Why do you consider increased housing prices to be a good thing? They're the same houses, so in aggregate no one is better or worse off. You're just saying that in addition to directly taking money from people who didn't borrow heavily for school and giving it to to people who did, this plan indirectly takes money from non-homeowners and gives it to homeowners. I agree, but nothing in that implies this creates real value in aggregate. Even if you think that fiscal stimulus would be positive-sum, that doesn't explain why student loan debtors are the best recipients--you could just as easily extend the EITC, or spend more on Medicaid, or any number of pet causes.

Warren's plan has been criticized for favoring a lower tier of the elite over the people in greatest need--people who didn't go to college at all, or who attended a community college paid entirely by Pell Grants. It seems like you're arguing here that to a second order, it actually does that even more.

Warren proposed a bill that would allow student debt to be forgiven in bankruptcy late last week. Flat out debt forgiveness may not be politically viable at this time. Unfortunately, our BK system is far too expensive ($ costs plus stigma) and lacks the capacity to deal with tens of millions who've defaulted on student loans.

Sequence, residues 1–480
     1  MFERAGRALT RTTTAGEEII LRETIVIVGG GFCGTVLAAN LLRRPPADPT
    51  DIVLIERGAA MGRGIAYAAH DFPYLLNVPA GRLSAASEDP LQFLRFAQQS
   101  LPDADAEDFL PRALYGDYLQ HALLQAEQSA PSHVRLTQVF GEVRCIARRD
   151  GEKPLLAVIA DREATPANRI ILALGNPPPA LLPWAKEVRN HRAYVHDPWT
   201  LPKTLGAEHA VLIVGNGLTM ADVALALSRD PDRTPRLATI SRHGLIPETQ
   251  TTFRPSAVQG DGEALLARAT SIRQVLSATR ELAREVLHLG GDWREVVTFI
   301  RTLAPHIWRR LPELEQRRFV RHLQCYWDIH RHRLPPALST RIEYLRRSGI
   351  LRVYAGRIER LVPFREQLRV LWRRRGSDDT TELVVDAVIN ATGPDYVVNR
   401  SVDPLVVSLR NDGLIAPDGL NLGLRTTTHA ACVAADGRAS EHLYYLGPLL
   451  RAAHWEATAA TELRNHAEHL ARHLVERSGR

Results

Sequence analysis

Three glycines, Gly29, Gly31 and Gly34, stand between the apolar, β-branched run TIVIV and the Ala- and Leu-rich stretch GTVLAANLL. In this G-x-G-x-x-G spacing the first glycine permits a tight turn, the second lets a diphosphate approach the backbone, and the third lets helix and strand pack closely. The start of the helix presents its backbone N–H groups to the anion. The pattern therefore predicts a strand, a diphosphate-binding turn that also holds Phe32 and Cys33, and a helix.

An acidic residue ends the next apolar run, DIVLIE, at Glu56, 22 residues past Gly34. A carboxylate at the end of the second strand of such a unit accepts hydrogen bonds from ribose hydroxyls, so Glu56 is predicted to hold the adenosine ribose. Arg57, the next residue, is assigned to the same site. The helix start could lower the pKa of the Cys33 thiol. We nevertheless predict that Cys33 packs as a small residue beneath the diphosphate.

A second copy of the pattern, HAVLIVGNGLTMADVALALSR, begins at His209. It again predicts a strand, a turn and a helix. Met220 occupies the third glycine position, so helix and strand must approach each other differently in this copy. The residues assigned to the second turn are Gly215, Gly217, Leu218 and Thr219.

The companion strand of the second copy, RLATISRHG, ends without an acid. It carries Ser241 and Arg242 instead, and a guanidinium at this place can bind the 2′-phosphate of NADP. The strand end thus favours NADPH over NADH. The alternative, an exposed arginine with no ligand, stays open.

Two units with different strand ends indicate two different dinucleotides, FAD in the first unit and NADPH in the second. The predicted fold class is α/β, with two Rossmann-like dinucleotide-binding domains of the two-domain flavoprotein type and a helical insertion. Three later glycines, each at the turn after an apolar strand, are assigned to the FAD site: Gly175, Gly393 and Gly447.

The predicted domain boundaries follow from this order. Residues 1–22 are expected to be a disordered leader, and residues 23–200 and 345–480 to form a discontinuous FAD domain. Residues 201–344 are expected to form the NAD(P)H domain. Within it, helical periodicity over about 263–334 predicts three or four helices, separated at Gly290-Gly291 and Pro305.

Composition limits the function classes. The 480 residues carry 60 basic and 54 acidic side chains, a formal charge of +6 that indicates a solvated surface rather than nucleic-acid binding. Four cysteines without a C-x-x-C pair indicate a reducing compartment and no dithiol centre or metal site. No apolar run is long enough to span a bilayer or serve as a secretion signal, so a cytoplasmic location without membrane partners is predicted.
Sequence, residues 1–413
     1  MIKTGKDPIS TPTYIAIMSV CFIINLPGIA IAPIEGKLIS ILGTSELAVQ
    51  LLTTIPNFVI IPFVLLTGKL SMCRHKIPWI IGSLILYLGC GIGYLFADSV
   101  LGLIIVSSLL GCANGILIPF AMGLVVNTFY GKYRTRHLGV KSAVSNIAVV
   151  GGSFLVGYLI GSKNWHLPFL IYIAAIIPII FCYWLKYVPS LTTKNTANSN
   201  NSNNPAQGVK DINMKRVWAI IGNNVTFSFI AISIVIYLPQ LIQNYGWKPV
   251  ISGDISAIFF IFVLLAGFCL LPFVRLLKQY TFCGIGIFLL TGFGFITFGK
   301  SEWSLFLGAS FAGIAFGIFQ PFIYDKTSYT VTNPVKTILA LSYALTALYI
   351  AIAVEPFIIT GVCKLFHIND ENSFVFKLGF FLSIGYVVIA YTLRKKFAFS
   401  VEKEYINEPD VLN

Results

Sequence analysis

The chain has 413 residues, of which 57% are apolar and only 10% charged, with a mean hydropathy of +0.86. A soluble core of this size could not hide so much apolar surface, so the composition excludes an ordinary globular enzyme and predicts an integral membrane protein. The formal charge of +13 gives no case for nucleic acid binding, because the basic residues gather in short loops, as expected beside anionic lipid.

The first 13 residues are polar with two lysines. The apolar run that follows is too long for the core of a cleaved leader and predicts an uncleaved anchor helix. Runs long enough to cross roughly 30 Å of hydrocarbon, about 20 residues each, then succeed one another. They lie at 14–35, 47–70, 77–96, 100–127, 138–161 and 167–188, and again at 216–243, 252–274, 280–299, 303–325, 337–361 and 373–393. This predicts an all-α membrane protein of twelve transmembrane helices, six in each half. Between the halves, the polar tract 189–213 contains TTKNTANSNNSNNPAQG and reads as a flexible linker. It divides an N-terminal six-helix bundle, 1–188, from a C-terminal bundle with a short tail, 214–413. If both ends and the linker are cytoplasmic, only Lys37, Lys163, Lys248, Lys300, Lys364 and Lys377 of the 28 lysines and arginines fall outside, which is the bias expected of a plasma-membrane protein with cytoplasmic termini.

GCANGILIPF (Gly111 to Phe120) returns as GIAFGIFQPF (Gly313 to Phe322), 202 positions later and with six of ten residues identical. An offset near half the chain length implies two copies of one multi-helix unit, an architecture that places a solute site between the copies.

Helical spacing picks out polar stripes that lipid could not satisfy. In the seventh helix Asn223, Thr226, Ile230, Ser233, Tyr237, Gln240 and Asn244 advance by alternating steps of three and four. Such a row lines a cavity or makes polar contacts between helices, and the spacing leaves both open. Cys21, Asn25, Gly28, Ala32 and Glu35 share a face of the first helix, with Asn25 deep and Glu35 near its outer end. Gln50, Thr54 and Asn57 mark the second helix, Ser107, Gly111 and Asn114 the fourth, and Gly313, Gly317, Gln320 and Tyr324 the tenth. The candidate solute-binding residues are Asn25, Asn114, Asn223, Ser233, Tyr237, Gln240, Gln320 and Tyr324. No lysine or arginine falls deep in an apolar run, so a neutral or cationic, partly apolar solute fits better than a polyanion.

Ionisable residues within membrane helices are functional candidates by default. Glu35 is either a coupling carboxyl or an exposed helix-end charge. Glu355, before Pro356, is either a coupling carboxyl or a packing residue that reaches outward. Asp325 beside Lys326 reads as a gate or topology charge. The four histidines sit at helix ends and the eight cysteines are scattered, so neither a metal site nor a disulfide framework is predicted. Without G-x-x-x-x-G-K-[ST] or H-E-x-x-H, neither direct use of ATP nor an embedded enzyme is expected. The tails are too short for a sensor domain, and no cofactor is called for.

Forgiving the interest and fees on student debt might be a politically viable first step. As incentive to pay the principle, student loan-related dings on credit records would be cleaned when the principle was paid.

@ Greg Taylor -- I agree with you in theory, but the current system is set up the opposite way, to favor negative amortization over principal reduction. I'm wondering how one would design a workable system where some borrowers pay interest and others get in effect an interest free loan.

It might make more sense just to allow forgiveness for anyone after 8 straight years of negative am under IBR, or at social security retirement age after a even shorter time of negative am. The time periods are open to discussion. The basic concepts are: (i) there is some period of continuous negative am after which it is reasonable to expect the borrower's income will not suddenly improve, and (ii) it's nothing but cruelty to keep seniors on a negative am treadmill when there is no realistic home of any principal repayment.